The artist Alison Jackson has made a considerable name for herself with photographic tableaux of celebrities and public figures in undignified and private, but altogether credible, positions. Lady Thatcher and Lord Archer sit at a table, behind bars; Prince William tries on the crown; Cherie Blair grips her husband's bum, unseen by a phalanx of photographers; Sven-Goran Eriksson mutters to Wayne Rooney, lying in an oxygen tent.
They are highly amusing and ingenious inventions, staged by look- alikes. Despite their obvious satirical load, they have a serious intent. They dwell on the distinction between the private and the public, and, in the public arena, the difference between what is known to be the case and what is presented to us in visual form. Beneath the chaotic and disordered surface of reality lie the ordered ranks of artistic archetypes; or, alternatively, underneath the controlled images of public figures, art can reveal the messy reality of the individually human.
Art is not always to be found in the most obvious places, and, looking at the extraordinary photographs of John Prescott playing croquet at the weekend, one found oneself mesmerised as if by a highly considered, symbolic composition. They are taken by Gary Trotter, to whom I take my hat off. There are two principal photographs. In the first, a neatly horizontal arrangement of six figures is ordered in four groups, a solitary figure and a pair, another solitary and another pair. The figure at the left closes off the composition with an upraised arm; Prescott himself provides a grand diagonal, included within the group, the croquet mallet continuing the line of his belly. It is an image of egalitarian harmony, pastoral charm.
In the other one, two figures stand respectfully to either side of Prescott, who is awkwardly bent over his mallet. There, the meaning is plain; it is of someone playing a game, not very well, who nevertheless is going to be allowed to win. As an image of arrogance, of timewasting, it could hardly be bettered.
The genius in Trotter's photography, however, was in the choice of croquet as the site of the drama. Since the reshuffle, everybody has come to the conclusion that Prescott has very little to do, and we've been waiting, surely, for the defining image of Prescott as a member of the contemptuously idle rich. Croquet, with its aroma of Edwardian leisure, is surely perfect for the purpose; perfect, too, the notoriously petty-minded nature of the game, in which a successful player will boot anyone in his way to kingdom come.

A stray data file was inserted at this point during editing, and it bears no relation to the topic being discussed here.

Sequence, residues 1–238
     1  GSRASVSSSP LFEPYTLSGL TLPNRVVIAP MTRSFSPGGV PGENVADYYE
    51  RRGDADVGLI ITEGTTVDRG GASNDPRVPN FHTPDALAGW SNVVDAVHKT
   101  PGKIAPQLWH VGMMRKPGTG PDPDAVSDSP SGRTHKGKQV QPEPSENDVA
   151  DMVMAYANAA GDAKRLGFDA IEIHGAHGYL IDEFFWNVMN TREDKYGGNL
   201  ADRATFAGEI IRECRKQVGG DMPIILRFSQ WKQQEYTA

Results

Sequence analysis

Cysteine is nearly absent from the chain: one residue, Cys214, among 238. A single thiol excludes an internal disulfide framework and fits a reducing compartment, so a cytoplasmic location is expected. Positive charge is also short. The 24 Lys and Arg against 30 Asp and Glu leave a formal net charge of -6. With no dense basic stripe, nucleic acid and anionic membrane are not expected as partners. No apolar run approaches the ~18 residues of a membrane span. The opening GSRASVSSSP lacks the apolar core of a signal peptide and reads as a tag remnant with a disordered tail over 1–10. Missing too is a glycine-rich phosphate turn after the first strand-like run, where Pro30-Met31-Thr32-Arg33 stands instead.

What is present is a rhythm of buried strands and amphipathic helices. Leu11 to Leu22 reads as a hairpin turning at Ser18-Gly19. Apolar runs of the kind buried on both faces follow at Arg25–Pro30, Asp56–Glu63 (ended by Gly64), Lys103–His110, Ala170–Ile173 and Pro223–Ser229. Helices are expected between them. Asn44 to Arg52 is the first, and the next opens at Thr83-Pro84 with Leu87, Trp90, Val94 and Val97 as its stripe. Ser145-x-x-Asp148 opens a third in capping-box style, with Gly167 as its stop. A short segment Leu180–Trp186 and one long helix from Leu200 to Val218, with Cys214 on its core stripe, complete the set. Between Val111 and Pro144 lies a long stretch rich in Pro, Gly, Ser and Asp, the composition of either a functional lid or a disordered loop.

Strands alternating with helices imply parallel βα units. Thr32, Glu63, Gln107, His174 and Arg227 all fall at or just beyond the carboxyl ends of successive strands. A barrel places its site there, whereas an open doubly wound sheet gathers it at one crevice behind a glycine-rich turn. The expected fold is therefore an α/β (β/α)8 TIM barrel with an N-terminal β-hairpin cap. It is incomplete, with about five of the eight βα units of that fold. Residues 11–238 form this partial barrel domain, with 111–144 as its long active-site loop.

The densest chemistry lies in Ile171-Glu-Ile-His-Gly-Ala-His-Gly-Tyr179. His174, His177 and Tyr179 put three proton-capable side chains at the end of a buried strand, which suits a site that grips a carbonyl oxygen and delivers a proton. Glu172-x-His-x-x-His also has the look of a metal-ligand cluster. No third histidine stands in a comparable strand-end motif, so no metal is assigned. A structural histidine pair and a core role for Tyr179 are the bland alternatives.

At first, I didn't appreciate the genius of Trotter's choice of croquet. Surely, one thought, a game of darts might have been more in keeping? But the cleverness of the choice is undeniable. Croquet is, of course, a game with snobbish overtones - so much so that it is pronounced two entirely different ways: many a social climber has been confused by le gratin talking about "croaky".
Prescott's entourage, from their defiantly non-county clothes, look to be of the "cro-kay" school. He, on the other hand, is in the universal upper-middle-class summer weekend uniform of Brooks Brothers shirt and pale chinos. And, to articulate Prescott's image, nothing better could be devised than this aspirational uniform, this absurdly aspirational game. Ken Livingstone has said that a lot of the criticism of Prescott is directed at his social class. That's certainly true; but what this photograph expresses is the feeling that he is a rich man who maintains, for his own purposes, the appearance of an ordinary member of the working classes. Prescott, this photograph says, might choose to play darts and thump strangers in public, but in private, he prefers croquet.
Since the beginning of Western history, art has demonstrated large public truths through the depiction of sporting contests. It is almost axiomatic in Jane Austen that a character's conduct at the card table will show their true character. Throughout the Empire, games of cricket were used in fiction to demonstrate where power, or strength of character, truly lay.
Trotter's photograph of Prescott's playing a game of croquet while he was supposed to be running the country falls into the same artistic category as Satyajit Ray's The Chess Players as an image of abdicated power, and it's difficult to see how conscious arrangement could improve on it. The real talent, surely, is the way it takes a treasured national myth, of Drake nonchalantly going on playing bowls on Plymouth Hoe, and burlesques it. What is revealed by this symbolic image is not casual confidence, but, apparently, idle diversion. No conscious artist could invest so much neat political meaning in an image; no labour of the imagination, one feels, could have found so perfect a means of expressing a political argument.Reuse content